Filmed on location in Roscommon, Ireland, The Cellar, a horror mystery film sitting squarely in the haunted house subgenre, tells the story of Keira Woods (Cuthbert), whose daughter mysteriously vanishes in the cellar of their new house in the country. Keira soon discovers there is an ancient and powerful entity controlling their home that she will have to face or risk losing her family’s souls forever.
The Cellar is written and directed by Brendan Muldowney and stars the talents of Elisha Cuthbert and Eoin Macken. The film featured at the SXSW Festival and has been well received by Fight Fest and a few others. The film follows the Woods family as they move into an old house in the country much to the delight of the younger son, Steven (Dylan Fitzmaurice Brady), and to the dismay of their troublesome teen daughter, Ellie (Abby Fitz). Something tragic occurs on the first evening which sets our film on a downward spiral-esque mystery to solve the disappearance of Ellie and the mystical forces behind it.
While not necessarily a slow-burn, there is definitely a lack of pacing during the first act of the film. Sure, Ellie’s disappearance is under mysterious circumstances and we get a nice build up of mystery and suspense with little in the way of hints or clues as to what has happened unless you happened to have watched the trailer before the film (Which I wouldn’t suggest as it’s one of those trailers that simply condenses the film’s plot.). The film slowly builds towards it’s second act with Keira coming across as the paranoid madwoman as she starts to try and piece together the incredibly obscure clues strewn about the old house, which is always fun for me as I enjoy a good esoteric mystery. It does—in all fairness—take a while before the film finds its footing though, which could be a dealbreaker for those addicted to faster-paced cinema.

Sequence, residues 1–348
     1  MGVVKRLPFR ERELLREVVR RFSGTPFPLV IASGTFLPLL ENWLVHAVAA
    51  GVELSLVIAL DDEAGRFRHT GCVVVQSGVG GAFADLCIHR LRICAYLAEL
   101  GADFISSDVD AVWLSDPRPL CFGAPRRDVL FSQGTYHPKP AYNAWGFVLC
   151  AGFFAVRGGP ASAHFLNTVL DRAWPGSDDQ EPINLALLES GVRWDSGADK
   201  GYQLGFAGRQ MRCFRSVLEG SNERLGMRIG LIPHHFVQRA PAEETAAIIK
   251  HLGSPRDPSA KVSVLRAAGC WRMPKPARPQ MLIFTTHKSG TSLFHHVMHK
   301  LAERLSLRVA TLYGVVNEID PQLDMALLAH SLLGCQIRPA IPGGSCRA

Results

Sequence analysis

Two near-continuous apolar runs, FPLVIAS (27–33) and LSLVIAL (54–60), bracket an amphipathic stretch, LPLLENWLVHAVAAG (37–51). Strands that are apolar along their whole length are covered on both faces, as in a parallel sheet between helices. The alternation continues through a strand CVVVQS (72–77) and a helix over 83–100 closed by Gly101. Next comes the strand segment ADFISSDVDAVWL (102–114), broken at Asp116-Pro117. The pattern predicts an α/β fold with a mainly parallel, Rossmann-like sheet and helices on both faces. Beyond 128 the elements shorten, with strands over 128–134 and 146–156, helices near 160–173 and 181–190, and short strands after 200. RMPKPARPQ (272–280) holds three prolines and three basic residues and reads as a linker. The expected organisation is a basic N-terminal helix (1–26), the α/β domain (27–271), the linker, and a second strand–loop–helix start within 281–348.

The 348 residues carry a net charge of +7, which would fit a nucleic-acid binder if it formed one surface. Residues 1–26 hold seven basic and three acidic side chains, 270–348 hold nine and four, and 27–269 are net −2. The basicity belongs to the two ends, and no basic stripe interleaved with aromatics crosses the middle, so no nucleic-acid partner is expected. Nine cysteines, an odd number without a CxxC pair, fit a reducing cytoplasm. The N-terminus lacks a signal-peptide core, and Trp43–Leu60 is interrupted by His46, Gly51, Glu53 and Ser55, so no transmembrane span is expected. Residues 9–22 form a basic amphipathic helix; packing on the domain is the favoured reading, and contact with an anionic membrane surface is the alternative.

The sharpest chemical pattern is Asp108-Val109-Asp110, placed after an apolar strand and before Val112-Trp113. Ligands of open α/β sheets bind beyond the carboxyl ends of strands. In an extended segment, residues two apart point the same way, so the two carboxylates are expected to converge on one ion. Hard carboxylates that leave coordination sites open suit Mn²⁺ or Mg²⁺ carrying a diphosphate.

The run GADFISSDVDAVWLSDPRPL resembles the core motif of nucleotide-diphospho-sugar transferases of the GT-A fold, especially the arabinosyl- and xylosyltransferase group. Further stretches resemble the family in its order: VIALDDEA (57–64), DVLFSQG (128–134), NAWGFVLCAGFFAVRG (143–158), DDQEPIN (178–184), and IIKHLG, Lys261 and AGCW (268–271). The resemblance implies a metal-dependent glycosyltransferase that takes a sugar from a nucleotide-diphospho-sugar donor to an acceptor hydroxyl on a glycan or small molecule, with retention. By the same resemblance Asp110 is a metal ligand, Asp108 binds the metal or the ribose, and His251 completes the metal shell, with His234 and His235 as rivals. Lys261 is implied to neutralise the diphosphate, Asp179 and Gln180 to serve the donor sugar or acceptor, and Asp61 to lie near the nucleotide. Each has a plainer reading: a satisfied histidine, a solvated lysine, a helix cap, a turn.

Once the film does reveal its big bad and all the surrounding mysteries, we get what is best described as a traditional haunted house film with its own spin on the esoteric by adding sacred geometry, multiple dimensions, quantum mechanics, and other strange offerings that don’t traditionally mesh well together—although the film does make it work in its own strange way. Sure, it’s weird and not very well explained, but with enough suspension of disbelief you can easily just ride the “Sure, why not?” wave and enjoy the film for what it is. We even get some great special effects and some Insidious (2010) style otherworldly encounters.
I, personally, really enjoyed the film. Sure, it’s not going to jump into my top ten anytime soon, but it made for a good evening and even though the film starts intentionally slow, the final act is absolute madness and worth the wait. It is a lot of fun so long as you don’t go into it expecting all of the mathematical and magical elements to make sense. And I got to see one of my favourite entities as the featured big bad, which probably made me a little biased as I totally have a soft spot for that awesomely evil archfiend.
Craig Engler, GM of Shudder stated that:
“The Cellar is a riveting story that we think will appeal to both horror lovers and broader audiences alike, and we’re delighted to work with RLJE Films to bring it to the widest possible audience, Brendan and this talented team have crafted a dark and haunting tale that we’re excited to share with audiences this April.”
The Cellar Will Stream on Shudder on April 15th with a Day-and-Date Theatrical Release Through RLJE Films. Thanks for reading and as always, stay sordid. Artwork and trailer below.
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